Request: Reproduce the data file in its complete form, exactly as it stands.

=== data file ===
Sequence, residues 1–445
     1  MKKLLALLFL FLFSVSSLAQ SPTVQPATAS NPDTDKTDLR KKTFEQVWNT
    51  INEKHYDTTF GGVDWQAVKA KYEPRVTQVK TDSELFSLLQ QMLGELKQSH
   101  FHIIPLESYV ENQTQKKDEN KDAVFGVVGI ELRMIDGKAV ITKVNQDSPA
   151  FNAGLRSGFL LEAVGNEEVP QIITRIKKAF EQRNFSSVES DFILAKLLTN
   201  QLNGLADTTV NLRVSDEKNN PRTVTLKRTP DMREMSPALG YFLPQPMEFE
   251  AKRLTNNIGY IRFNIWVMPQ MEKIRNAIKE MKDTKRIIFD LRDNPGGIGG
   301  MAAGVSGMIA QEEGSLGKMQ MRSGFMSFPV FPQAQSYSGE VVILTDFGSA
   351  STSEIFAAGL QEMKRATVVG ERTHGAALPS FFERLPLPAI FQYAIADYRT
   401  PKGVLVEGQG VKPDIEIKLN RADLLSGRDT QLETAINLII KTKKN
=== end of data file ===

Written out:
Sequence, residues 1–445
     1  MKKLLALLFL FLFSVSSLAQ SPTVQPATAS NPDTDKTDLR KKTFEQVWNT
    51  INEKHYDTTF GGVDWQAVKA KYEPRVTQVK TDSELFSLLQ QMLGELKQSH
   101  FHIIPLESYV ENQTQKKDEN KDAVFGVVGI ELRMIDGKAV ITKVNQDSPA
   151  FNAGLRSGFL LEAVGNEEVP QIITRIKKAF EQRNFSSVES DFILAKLLTN
   201  QLNGLADTTV NLRVSDEKNN PRTVTLKRTP DMREMSPALG YFLPQPMEFE
   251  AKRLTNNIGY IRFNIWVMPQ MEKIRNAIKE MKDTKRIIFD LRDNPGGIGG
   301  MAAGVSGMIA QEEGSLGKMQ MRSGFMSFPV FPQAQSYSGE VVILTDFGSA
   351  STSEIFAAGL QEMKRATVVG ERTHGAALPS FFERLPLPAI FQYAIADYRT
   401  PKGVLVEGQG VKPDIEIKLN RADLLSGRDT QLETAINLII KTKKN